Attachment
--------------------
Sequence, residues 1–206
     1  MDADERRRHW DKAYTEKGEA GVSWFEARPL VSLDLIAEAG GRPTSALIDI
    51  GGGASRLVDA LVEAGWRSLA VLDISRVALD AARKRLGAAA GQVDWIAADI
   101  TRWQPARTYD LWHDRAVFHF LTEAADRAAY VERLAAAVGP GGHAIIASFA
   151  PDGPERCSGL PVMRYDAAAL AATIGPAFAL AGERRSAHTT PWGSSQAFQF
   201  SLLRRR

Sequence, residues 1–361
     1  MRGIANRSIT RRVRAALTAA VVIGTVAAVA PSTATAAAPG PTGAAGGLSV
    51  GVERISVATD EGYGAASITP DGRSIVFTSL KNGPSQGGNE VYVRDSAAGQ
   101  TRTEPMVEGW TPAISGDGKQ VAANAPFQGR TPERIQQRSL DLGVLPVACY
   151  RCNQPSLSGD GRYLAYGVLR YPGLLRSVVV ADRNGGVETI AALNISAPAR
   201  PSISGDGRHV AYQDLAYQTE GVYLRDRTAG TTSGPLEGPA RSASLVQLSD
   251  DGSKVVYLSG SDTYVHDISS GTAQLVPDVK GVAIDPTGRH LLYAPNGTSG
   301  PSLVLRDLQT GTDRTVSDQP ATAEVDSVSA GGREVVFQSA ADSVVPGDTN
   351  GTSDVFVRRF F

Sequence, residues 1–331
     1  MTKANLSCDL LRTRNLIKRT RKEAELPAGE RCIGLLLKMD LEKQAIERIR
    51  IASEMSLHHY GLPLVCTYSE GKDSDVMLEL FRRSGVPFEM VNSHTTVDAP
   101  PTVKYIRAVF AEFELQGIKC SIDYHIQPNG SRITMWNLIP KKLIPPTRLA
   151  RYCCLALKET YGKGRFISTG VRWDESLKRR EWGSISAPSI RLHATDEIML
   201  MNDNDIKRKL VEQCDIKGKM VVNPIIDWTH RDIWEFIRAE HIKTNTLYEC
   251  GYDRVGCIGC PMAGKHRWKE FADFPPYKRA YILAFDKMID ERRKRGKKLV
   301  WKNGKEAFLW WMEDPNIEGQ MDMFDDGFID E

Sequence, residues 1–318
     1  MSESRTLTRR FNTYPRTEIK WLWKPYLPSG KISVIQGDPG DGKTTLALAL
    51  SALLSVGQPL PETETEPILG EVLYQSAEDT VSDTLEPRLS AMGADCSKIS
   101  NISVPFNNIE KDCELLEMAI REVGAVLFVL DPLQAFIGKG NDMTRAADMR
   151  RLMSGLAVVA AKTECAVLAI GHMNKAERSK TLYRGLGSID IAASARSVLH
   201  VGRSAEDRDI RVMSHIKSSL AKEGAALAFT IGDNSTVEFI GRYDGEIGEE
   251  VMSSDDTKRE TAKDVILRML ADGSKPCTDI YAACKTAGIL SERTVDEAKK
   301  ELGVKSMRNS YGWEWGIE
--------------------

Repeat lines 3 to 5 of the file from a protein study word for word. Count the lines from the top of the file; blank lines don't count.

    51  GGGASRLVDA LVEAGWRSLA VLDISRVALD AARKRLGAAA GQVDWIAADI
   101  TRWQPARTYD LWHDRAVFHF LTEAADRAAY VERLAAAVGP GGHAIIASFA
   151  PDGPERCSGL PVMRYDAAAL AATIGPAFAL AGERRSAHTT PWGSSQAFQF